Thursday July 24, 2014

QUESTION OF THE WEEK

  • What type of housing development would you like to see replace the East View Lodge building?
  • Assisted living
  • 52%
  • Personal care home
  • 6%
  • Low-income housing/apartments
  • 42%
  • Other
  • 0%
  • Total Votes: 31





More debate on joint hospital from citizen

Comments

First of all, I would like to introduce myself.  My name is Susan Salmon.  I was born in Neepawa Hospital, grew up in Plumas, attended elementary school in Plumas, and high school in Gladstone.  I went on to become a teacher in Pine Creek School Division, marry my husband who teaches in Beautiful Plains School Division, live in the RM of Langford, and have four children who attend school in Neepawa.  I feel that it is necessary that people understand from where I am coming.
As an educator, I totally understand the government's decision over the last few years on the importance of keeping schools open in small communities.  A small school cannot close unless the people of that community have voted that they wish to close the school.  Everyone is entitled to an education within their community.  Education for all is important.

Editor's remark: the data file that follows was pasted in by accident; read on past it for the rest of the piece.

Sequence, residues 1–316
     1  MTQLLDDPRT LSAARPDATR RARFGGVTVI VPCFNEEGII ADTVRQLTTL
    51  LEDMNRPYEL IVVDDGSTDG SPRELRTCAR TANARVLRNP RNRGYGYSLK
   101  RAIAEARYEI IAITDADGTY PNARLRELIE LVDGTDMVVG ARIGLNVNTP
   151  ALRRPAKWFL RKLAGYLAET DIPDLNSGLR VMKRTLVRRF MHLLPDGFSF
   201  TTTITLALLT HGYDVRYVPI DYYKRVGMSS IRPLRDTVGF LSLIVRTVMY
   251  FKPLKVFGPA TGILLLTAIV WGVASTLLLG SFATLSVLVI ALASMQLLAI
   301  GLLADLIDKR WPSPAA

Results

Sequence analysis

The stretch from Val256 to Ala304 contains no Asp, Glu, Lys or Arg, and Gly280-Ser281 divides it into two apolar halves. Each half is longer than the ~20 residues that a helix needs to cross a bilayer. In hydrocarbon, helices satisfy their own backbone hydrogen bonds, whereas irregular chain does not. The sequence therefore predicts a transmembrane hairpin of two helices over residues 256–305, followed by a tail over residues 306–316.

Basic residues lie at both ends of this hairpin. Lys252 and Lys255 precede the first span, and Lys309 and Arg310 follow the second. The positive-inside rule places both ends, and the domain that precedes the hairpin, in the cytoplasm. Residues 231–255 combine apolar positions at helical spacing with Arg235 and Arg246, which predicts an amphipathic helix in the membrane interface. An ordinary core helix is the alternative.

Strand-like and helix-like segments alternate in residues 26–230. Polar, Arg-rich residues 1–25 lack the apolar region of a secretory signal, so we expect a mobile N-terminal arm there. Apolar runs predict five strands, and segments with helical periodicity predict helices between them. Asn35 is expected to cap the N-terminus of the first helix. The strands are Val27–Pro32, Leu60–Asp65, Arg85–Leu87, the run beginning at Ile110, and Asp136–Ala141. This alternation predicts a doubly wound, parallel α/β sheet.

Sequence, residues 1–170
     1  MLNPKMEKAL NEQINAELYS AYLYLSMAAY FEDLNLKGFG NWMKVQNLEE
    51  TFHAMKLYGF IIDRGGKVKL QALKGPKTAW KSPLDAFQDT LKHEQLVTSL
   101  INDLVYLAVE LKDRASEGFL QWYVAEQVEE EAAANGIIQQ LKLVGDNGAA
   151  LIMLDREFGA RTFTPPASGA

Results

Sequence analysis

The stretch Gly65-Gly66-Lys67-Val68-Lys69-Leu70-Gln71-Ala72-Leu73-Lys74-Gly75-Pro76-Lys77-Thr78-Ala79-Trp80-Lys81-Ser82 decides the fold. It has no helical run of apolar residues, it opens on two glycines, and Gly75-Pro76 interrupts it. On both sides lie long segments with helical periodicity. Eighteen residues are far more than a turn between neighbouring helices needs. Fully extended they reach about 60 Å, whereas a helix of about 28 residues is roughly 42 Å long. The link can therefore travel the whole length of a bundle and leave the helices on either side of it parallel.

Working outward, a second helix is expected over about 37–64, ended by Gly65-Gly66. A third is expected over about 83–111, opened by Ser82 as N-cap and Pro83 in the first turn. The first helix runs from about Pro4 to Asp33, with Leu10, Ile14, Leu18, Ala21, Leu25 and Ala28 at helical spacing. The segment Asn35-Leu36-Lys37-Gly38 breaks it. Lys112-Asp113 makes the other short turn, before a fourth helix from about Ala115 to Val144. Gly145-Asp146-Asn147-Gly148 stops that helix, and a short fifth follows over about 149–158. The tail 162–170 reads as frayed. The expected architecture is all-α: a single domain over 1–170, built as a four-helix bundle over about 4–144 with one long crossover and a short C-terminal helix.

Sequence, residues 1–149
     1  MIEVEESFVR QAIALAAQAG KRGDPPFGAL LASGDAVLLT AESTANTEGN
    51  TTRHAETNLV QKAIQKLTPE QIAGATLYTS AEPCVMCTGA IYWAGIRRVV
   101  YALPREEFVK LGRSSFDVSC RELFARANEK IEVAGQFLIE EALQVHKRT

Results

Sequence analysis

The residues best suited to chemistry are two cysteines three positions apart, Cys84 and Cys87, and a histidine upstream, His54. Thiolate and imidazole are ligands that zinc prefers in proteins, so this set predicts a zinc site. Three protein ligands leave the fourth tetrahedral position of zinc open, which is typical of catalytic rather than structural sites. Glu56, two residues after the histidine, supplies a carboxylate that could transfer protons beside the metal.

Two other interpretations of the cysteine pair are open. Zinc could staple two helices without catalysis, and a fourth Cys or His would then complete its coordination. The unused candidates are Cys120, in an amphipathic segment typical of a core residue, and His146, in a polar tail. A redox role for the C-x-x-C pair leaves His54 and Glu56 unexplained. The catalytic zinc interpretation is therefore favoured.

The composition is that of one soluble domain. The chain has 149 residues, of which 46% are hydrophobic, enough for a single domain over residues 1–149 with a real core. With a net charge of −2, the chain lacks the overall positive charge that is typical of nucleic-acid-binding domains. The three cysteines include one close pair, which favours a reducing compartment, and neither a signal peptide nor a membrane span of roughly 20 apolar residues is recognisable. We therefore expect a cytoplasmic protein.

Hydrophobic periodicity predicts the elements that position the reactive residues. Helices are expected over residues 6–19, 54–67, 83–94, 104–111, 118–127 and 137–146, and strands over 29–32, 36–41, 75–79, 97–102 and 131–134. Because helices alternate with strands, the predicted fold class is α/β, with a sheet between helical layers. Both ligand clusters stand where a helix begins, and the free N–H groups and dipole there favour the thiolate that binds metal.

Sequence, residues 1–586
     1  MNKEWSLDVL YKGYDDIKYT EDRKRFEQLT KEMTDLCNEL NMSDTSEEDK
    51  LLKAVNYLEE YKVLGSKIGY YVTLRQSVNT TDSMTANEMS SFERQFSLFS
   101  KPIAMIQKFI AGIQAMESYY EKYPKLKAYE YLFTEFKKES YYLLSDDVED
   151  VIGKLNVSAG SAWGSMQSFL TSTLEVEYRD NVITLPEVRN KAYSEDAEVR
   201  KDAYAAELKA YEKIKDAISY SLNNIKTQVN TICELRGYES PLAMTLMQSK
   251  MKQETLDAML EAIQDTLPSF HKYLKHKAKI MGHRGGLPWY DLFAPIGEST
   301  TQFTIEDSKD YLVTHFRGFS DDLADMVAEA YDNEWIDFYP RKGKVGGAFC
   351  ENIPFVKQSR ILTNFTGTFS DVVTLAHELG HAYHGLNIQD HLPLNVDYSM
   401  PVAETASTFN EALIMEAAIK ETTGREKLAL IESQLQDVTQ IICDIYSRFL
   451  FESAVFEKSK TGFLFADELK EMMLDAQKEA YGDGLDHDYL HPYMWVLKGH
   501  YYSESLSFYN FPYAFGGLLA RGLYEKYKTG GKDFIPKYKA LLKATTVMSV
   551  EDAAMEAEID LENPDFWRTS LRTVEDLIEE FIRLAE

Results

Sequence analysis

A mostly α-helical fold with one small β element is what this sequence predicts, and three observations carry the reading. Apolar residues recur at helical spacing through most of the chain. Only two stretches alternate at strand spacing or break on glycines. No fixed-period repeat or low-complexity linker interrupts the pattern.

It completely shocks me that we do not take this same view with our health care, and ultimately our lives.  Apparently, over the past couple of years our Regional Health Authority has created a Joint Hospital Committee to push the plan forward for two hospitals to close and build a new hospital somewhere between Neepawa and Minnedosa.  Very soon our town councils and rural municipalities will be signing on their support for this joint venture.  They feel that this needs to be done quickly before the next election.  I have many questions about this.
What research has the ARHA and the joint hospital committee done in preparing for this major decision?
They could say that they compared our situation to that of the joint hospital located between Morden and Winkler.  I'm sorry, but that is like comparing elephants to goldfish.  All it takes is to look at a map of Manitoba to see that Neepawa and Minnedosa are about 30 km (18 miles) apart, and Winkler and Morden are about 10 km (6 miles) apart.  You can almost see Winkler on the horizon when driving out of Morden.  This distance does not compare, especially when it comes to time during an emergency.  Let's also look at the size of the compared communities.  If you combined the population of both Neepawa and Minnedosa together, you would not even make the size of Morden, the smaller community to Winkler.  Winkler, by the way, has recently been proclaimed a city.  Both Morden and Winkler are continually growing.  They may eventually grow to join one day.  Is that even possible for Neepawa and Minnedosa?  We would never get a hospital with the size and amenities as the one in the south.  Government bases its funding on population.